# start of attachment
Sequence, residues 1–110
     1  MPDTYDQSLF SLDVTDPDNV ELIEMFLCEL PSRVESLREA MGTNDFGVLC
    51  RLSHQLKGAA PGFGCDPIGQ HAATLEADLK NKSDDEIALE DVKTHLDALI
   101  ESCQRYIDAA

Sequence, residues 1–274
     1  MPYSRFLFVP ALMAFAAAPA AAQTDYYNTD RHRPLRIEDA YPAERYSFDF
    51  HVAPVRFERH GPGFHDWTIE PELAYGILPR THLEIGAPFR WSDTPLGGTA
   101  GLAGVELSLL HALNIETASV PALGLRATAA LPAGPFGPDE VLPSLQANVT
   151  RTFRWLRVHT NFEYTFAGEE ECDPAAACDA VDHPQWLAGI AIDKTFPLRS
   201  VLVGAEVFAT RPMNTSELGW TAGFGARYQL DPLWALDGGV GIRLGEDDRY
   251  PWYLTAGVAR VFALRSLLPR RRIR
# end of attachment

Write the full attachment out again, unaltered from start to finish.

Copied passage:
Sequence, residues 1–110
     1  MPDTYDQSLF SLDVTDPDNV ELIEMFLCEL PSRVESLREA MGTNDFGVLC
    51  RLSHQLKGAA PGFGCDPIGQ HAATLEADLK NKSDDEIALE DVKTHLDALI
   101  ESCQRYIDAA

Sequence, residues 1–274
     1  MPYSRFLFVP ALMAFAAAPA AAQTDYYNTD RHRPLRIEDA YPAERYSFDF
    51  HVAPVRFERH GPGFHDWTIE PELAYGILPR THLEIGAPFR WSDTPLGGTA
   101  GLAGVELSLL HALNIETASV PALGLRATAA LPAGPFGPDE VLPSLQANVT
   151  RTFRWLRVHT NFEYTFAGEE ECDPAAACDA VDHPQWLAGI AIDKTFPLRS
   201  VLVGAEVFAT RPMNTSELGW TAGFGARYQL DPLWALDGGV GIRLGEDDRY
   251  PWYLTAGVAR VFALRSLLPR RRIR